The Country That Doesn't Exist

In little-known Transdniestria, life is a constant search for identity. One photographer recently took a closer look.

Snaking down the border between Moldova and Ukraine is a landlocked sliver of terrain called Transdniestria. It’s home to more than half a million people and run by an independent government. It has its own form of currency, a constitution, and a standing army. The national anthem is, “We Sing the Praises of Transdniestria.”

But Transdniestria—sometimes spelt Transnistria—is not recognised by the United Nations. In other words, it’s not considered a country.

A LAND IN LIMBO

The “culture house” is a relic of the Soviet era that lives on in the villages of Transdniestria. This one, in Cionurciu, has been cleaned in preparation for a dancing event to celebrate the end of World War II.
PHOTOGRAPH BY THOMAS VANDEN DRIESSCHE, INSTITUTE

Nadesha Bondarenco—editor in chief of Bravo, the newspaper of the Transdniestrian Communist Party—stands amid flags and a bust of Lenin. The CP has just one seat in the parliament. Bondarenco says that although Transdniestria is a capitalist society, symbols of communism still abound.  
PHOTOGRAPH BY THOMAS VANDEN DRIESSCHE, INSTITUTE

 In Tiraspol, Transdniestria, a statue of Vladimir Lenin stands in front of the parliament building, also known as the "Supreme Soviet."
PHOTOGRAPH BY THOMAS VANDEN DRIESSCHE, INSTITUTE

Officially known as the Pridnestrovian Moldovan Republic (PMR), Transdniestria is technically part of Moldova. But, says Eastern Europe scholar Dennis Deletant, “the separatist statelet has had de facto independence since the Moldovan civil war in 1992,” which pitted Moldovans against Transdniestrians.

Transdniestria is sometimes referred to as a “frozen conflict” because, while fighting ceased in the area 25 years ago, no formal peace treaty has ever been drawn. Today the perimeter of Transdniestria is patrolled by “about 1,200 Russian peacekeepers,” says Deletant, “who enforce an uneasy cease-fire.”

And though its residents are patriotic, proudly calling themselves “Transdniestrians,” many ultimately pledge their allegiance to Russia rather than Moldova.

Zinaida Borets, 37, is a Transdniestrian actress who has belonged to a Tiraspol theatre troupe for more than a decade. Every year, near the anniversary of the end of World War II, the troupe performs a play dedicated to the glory of Soviet soldiers.
PHOTOGRAPH BY THOMAS VANDEN DRIESSCHE, INSTITUTE

As Transdniestrians celebrate Victory Day with a military parade—complete with Soviet-era tank—Russian flags line the streets of Tiraspol.
PHOTOGRAPH BY THOMAS VANDEN DRIESSCHE, INSTITUTE

Men fish on the Dniester River, just a few hundred meters from a power station in Dubassari.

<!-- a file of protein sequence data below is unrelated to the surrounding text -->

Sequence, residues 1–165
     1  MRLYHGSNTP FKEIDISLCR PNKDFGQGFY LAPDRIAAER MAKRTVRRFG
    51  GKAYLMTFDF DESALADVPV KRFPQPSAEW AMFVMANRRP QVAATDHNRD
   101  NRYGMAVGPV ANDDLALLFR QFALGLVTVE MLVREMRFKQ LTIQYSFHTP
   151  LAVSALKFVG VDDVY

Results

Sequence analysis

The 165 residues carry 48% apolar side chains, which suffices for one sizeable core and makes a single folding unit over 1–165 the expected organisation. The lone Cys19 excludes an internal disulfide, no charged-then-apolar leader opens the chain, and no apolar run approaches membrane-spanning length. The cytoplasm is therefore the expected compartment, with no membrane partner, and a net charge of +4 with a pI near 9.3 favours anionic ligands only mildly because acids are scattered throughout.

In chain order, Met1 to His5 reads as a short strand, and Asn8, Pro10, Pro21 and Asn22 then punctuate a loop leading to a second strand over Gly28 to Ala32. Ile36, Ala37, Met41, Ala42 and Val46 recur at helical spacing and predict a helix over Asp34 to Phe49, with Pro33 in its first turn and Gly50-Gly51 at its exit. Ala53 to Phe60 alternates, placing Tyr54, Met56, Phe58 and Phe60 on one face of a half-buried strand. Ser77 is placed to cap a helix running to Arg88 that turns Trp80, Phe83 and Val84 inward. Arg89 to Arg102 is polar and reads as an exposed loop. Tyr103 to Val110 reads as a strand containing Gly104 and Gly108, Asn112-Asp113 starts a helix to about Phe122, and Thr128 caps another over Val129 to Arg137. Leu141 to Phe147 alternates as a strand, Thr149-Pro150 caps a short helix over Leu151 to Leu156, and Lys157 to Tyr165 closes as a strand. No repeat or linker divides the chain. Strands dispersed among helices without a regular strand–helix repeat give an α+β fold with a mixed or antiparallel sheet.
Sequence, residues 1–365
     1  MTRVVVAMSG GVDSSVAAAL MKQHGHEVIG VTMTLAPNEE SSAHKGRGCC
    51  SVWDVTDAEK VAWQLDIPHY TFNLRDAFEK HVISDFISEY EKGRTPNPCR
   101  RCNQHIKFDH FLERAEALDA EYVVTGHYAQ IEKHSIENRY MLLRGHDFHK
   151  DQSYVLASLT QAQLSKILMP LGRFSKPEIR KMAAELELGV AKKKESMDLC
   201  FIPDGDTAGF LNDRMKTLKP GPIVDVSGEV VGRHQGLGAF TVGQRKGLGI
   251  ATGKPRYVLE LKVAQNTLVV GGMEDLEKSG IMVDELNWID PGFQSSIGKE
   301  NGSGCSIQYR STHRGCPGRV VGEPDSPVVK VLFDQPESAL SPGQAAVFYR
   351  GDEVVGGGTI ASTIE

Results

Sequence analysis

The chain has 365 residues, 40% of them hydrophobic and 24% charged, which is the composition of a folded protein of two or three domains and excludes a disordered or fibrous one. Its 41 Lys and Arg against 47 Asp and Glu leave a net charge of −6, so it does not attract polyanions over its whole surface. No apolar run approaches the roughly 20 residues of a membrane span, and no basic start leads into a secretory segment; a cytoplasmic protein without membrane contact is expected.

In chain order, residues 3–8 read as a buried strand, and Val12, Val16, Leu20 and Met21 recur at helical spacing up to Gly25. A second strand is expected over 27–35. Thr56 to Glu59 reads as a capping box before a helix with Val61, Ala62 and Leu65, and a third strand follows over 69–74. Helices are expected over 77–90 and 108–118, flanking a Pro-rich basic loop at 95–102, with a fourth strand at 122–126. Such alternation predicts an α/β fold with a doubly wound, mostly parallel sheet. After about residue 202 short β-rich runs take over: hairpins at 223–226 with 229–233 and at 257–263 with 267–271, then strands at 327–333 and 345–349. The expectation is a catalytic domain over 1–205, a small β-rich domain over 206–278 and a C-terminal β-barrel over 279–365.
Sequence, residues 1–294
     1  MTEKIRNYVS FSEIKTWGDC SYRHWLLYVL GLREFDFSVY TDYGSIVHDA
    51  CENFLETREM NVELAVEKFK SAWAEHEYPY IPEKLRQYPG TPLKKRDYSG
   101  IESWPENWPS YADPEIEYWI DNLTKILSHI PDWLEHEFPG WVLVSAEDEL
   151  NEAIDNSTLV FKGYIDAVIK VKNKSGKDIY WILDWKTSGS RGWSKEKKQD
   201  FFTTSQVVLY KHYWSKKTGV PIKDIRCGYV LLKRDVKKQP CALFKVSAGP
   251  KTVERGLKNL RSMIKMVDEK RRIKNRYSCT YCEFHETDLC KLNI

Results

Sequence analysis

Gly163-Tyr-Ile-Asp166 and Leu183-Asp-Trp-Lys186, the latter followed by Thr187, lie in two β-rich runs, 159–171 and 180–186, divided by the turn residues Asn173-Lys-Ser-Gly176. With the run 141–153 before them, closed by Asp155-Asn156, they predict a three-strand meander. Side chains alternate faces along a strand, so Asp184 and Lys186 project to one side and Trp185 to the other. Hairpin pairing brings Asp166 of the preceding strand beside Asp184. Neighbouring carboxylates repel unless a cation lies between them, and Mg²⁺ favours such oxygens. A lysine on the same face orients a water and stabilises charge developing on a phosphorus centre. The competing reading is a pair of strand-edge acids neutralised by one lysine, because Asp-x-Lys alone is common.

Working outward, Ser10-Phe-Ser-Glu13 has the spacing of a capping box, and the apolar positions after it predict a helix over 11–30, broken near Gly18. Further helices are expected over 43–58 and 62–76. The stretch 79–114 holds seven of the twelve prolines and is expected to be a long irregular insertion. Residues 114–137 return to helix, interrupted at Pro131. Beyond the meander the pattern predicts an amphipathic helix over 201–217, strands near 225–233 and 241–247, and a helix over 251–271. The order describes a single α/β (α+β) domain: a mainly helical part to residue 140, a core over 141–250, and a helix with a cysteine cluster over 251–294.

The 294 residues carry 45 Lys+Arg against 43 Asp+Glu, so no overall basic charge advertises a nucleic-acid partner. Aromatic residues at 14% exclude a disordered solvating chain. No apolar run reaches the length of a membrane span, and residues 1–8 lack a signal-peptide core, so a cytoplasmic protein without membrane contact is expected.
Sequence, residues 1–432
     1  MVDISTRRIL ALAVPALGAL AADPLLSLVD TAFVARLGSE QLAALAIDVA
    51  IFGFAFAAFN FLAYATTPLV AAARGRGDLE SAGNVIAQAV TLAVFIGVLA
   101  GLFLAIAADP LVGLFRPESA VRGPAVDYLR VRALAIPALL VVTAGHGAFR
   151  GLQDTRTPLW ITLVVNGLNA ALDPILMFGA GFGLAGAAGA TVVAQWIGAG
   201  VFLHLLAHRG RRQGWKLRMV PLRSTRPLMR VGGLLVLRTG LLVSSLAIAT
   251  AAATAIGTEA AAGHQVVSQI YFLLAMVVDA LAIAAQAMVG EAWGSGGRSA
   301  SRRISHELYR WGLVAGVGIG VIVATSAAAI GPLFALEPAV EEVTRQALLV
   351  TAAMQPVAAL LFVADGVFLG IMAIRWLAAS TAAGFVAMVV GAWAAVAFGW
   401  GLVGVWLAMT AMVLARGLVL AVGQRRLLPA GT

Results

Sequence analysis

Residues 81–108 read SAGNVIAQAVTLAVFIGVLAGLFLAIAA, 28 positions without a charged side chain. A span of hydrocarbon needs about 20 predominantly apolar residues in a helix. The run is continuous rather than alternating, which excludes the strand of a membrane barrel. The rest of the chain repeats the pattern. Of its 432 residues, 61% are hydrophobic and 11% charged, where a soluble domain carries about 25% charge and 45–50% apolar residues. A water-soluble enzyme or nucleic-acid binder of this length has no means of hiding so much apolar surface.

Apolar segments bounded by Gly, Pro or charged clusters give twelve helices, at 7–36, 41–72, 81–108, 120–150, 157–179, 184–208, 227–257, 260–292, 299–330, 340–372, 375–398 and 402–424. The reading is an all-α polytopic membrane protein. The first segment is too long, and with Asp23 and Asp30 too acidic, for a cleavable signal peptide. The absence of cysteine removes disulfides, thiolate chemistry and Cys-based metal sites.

PHOTOGRAPH BY THOMAS VANDEN DRIESSCHE, INSTITUTE

Andrey Smolenskiy, 30, works out every day at this Soviet-era gym in Cionurciu. When he’s not exercising, he runs a travel agency.
PHOTOGRAPH BY THOMAS VANDEN DRIESSCHE, INSTITUTE

Transdniestria is not recognised by any country in the world, so a Transdniestrian passport is not valid. But since dual nationality is permitted, most people are entitled to either a Moldovan, Russian, or Ukrainian passport. Some keep additional papers, waiting to see if "the wind will blow West or East," says Vanden Driessche.
PHOTOGRAPH BY THOMAS VANDEN DRIESSCHE, INSTITUTE

At an equestrian centre on the outskirts of Tiraspol, the son of the owner prepares for a jumping competition.
PHOTOGRAPH BY THOMAS VANDEN DRIESSCHE, INSTITUTE

In Tiraspol, military guards of the president (Vadim Krasnoselsky, elected last year) take a break at the end of the Victory Day celebration.
PHOTOGRAPH BY THOMAS VANDEN DRIESSCHE, INSTITUTE

The Bender Independence War Museum commemorates the war with Moldova. The most violent clashes took place in Bender, west of the Dniester River.
PHOTOGRAPH BY THOMAS VANDEN DRIESSCHE, INSTITUTE

Along the highway that links Tiraspol to the industrial city of Ribnita, a monument commemorates the Second World War.
PHOTOGRAPH BY THOMAS VANDEN DRIESSCHE, INSTITUTE

Starting in the capital of Tiraspol, Vanden Driessche spent two weeks driving around the region with a fixer who spoke Russian, one of the territory's main languages (along with Romanian and Ukrainian).

For the most part, says Vanden Driessche, people were comfortable with him taking their portraits. But when he was out on the street with his camera, something struck him about the way people reacted. Instead of being either overly friendly or confrontational—the two extremes he typically encounters—Vanden Driessche was met with an unfamiliar indifference.

“It was strange,” he says. “Nobody was happy. But nobody was pissed off.”

In a Tiraspol theatre, actors perform in a patriotic play that pays tribute to the Soviet soldiers who died during World War II.
PHOTOGRAPH BY THOMAS VANDEN DRIESSCHE, INSTITUTE

Header Image: In 2015, Transdniestrians celebrated the 70th anniversary of the end of World War II—also known as the “great patriotic war”—and 25 years of independence from Moldova. PHOTOGRAPH BY THOMAS VANDEN DRIESSCHE, INSTITUTE

Discuss this article

Newsletter

Never miss a Nat Geo moment

Your email address
Submit